Yes, something does have to urgently change if we want to stop the inhumane treatment and senseless killings of low-income Black, Brown and Native people. Philanthropy can and must play a role. The road to belonging starts by acknowledging that conscious and unconscious racial animosity has been a driving force in shaping the policies that led us to this era of mass criminalization. If we are to not only undo the harm that it has already caused, but also to advance an inclusive and just vision for society, philanthropy must walk in authentic partnership with the movement toward racial justice that has sprung up all around us. Is philanthropy up to the task?

Connie Cagampang Heller of the Linked Fate Fund for Justice at Common Counsel Foundation has been actively engaged in grantmaking and donor organizing for more than a decade. The Linked Fate Fund supports grassroots organizing and intermediaries dedicated to dismantling systemic racial inequity and building inclusive democracy. '

Alexander W. Saingchin, program officer at Common Counsel Foundation, oversees a set of family foundation and donor-advised fund portfolios with a strong focus on racial justice. Common Counsel Foundation also hosts the Social and Economic Justice Fund, a pooled fund for movement building that has recently focused on criminal justice reform.

 

Read the original post on NCRP.org.

 

February 12, 2019

FFJ Advisor Discussion Series: Marisa Franco

Marisa Franco, FFJ Field Advisor and Director and Co-founder of of Mijente, a digital and grassroots hub for Latinx and Chicanx organizing and movement building, speaks on the current political moment and how funders can contribute to movement work.

Tell us about the particular moment you are in with your work and place in the movement.

Entering into our fourth year, we are doing our best to be a vehicle to both respond to the real-time challenges our communities face and a place to find respite, connection, and replenished meaning. Given what the Latinx and Chicanx community faces, we’ve got to walk and chew gum at the same time (and hop on one leg, juggle, and balance something on our head!) but we believe that through the continued growth where organizers, healers, change-makers, designers, and disrupters feel Mijente is a place to meaningfully contribute to collective liberation means we are going in the right direction. It is my view that our most critical task at this time is growth and recruitment - millions of people are becoming exposed to the injustice and summarily wrong direction we are heading in - our organizations must be open and accessible entry points for people to contribute to moving us in the right direction.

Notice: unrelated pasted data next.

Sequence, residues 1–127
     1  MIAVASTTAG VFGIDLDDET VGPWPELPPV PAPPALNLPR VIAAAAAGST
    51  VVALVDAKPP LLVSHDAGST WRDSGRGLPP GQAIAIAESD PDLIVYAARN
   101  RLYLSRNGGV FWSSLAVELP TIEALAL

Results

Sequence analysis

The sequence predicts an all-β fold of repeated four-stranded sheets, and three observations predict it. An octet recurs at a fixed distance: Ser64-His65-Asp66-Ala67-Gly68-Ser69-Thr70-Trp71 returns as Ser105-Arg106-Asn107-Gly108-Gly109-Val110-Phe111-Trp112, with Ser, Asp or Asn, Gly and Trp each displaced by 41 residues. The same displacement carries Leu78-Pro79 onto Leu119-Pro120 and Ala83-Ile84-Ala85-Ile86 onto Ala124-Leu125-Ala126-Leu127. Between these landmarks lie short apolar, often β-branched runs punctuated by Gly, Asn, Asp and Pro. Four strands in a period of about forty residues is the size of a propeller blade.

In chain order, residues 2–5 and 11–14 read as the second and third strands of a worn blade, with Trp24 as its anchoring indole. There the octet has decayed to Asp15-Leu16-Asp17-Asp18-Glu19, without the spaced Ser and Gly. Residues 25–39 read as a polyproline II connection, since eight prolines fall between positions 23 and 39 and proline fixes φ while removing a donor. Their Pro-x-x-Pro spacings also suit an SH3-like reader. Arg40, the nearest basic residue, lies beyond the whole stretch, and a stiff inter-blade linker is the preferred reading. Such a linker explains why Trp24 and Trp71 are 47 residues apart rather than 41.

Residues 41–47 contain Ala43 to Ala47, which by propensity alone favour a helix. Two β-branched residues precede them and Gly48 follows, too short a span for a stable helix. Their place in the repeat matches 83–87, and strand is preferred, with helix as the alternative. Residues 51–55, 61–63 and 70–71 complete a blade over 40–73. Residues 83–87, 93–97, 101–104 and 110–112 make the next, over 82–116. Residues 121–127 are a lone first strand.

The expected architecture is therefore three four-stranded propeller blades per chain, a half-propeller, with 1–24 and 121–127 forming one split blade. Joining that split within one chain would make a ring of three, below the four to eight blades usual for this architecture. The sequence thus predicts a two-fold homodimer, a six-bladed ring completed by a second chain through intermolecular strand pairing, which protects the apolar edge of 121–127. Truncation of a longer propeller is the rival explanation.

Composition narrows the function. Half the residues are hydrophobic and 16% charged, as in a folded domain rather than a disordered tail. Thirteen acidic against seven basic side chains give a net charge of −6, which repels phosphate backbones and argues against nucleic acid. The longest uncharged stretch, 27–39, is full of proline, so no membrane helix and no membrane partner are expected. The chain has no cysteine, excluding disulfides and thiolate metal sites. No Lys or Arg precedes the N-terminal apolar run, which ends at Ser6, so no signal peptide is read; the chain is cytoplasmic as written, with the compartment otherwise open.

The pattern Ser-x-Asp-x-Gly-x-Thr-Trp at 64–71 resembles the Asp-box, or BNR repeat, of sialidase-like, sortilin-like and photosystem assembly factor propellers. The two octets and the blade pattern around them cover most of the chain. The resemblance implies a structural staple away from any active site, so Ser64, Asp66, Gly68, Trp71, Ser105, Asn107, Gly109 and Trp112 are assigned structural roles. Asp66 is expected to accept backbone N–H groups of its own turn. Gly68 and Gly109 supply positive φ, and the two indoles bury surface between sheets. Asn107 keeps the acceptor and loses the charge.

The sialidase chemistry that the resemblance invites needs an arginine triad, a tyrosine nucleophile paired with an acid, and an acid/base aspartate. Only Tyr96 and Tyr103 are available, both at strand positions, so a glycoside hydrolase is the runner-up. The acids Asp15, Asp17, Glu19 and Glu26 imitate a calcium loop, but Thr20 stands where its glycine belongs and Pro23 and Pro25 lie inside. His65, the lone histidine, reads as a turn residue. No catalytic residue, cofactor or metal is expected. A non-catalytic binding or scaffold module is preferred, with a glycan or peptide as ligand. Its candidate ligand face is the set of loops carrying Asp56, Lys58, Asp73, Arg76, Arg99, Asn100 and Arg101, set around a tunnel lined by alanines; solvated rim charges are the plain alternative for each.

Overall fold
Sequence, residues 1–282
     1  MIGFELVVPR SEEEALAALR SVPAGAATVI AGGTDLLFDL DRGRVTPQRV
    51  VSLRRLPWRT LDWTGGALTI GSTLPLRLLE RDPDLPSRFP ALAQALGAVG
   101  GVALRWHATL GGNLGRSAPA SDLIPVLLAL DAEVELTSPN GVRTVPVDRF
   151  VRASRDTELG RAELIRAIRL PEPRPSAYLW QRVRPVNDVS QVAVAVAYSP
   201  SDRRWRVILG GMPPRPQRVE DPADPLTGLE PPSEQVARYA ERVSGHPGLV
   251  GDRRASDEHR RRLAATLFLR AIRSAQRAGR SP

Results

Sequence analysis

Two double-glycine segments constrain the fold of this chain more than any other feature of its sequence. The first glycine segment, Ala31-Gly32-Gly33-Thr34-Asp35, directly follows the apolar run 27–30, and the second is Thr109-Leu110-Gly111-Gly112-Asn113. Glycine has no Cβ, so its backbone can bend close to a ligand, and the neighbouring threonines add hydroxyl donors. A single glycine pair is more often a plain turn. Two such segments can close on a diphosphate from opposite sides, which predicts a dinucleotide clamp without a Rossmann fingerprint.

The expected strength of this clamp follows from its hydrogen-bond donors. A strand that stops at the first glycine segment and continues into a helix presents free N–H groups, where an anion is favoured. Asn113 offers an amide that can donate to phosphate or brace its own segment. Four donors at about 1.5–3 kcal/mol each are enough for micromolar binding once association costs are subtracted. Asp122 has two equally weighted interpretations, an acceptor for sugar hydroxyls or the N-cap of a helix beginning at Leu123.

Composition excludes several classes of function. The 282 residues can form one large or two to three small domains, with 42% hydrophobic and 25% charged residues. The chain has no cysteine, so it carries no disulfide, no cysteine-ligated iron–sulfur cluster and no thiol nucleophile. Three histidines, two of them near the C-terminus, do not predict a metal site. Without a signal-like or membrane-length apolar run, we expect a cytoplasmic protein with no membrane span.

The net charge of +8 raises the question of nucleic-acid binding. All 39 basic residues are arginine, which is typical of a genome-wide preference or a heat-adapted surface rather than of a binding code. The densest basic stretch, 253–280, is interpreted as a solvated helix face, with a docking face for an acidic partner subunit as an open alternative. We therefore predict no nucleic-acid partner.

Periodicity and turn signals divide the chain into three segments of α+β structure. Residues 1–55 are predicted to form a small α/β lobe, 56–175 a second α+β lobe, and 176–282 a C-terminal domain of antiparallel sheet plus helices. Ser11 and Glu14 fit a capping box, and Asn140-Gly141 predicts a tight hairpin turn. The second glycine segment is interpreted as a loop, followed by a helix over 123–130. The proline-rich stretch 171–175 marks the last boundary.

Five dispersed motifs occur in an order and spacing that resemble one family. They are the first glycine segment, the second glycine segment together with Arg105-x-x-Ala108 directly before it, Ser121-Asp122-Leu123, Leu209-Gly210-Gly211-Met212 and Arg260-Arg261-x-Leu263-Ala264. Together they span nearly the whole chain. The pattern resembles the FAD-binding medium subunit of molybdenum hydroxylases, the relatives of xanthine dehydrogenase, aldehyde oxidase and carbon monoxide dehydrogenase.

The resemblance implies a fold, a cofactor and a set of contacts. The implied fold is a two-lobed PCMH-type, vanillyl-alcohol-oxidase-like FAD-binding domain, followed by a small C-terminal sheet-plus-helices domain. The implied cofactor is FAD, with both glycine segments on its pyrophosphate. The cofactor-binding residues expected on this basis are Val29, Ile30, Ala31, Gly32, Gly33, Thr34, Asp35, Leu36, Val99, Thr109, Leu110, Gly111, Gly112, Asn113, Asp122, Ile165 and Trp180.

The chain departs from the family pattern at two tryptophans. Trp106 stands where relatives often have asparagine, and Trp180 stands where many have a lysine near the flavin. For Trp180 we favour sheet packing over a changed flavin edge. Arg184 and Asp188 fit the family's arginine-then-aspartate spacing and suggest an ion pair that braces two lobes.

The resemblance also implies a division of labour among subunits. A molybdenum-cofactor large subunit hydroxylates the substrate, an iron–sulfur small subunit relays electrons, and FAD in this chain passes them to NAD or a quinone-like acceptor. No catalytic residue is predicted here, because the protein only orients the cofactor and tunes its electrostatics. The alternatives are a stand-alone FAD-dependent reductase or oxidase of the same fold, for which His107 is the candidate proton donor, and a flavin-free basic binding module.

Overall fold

How do you understand the political moment that we’re in? What do you think we need to do differently right now?

Ultimately I think that lots of what we reference as threats that are coming are largely here - crisis as a result of climate change is here, it’s being felt across the planet. The extreme backlash and attempt to re-entrench power due to demographic change is here, occurring in localities across the United States. Authoritarianism is a growing threat beyond Donald Trump and within the domestic United States. Given all of this, at the very least I think it’s critical we start to widen our panorama of political understanding to include outside of the United States and make the connections internationally. Rest assured, our adversaries are in coordination - we ignore our movement siblings and the struggle outside of the United States to our own detriment.

What should funders be understanding in this political moment? What should funders be doing to support organizations and movements?

What’s important to understand in this political moment is how the volatility impacts the plans, perspective, and morale of people in organizations and social movements. It has become more and more difficult to lay out plans that feel real given how normal it's become for so much to turn upside down pretty regularly. Some understanding and support of this from funders, particularly when it means proposed work is not carried out in the way it was initially described, is very helpful.

Continued support for rapid response tactics is critical, as well as funds that help convene key groups and/or leaders in this time goes a long way. In times like these, those that are able to adapt and move quickly are well positioned to make impactful changes. These folks have got to be able to do so with enough support and not too many hurdles, hoops, and paper to be able to move. So some of these existing practices around simplifying processes, making funds available for rapid response activities, and pop up convenings is something that has been helpful thus far and is important to continue.

December 10, 2018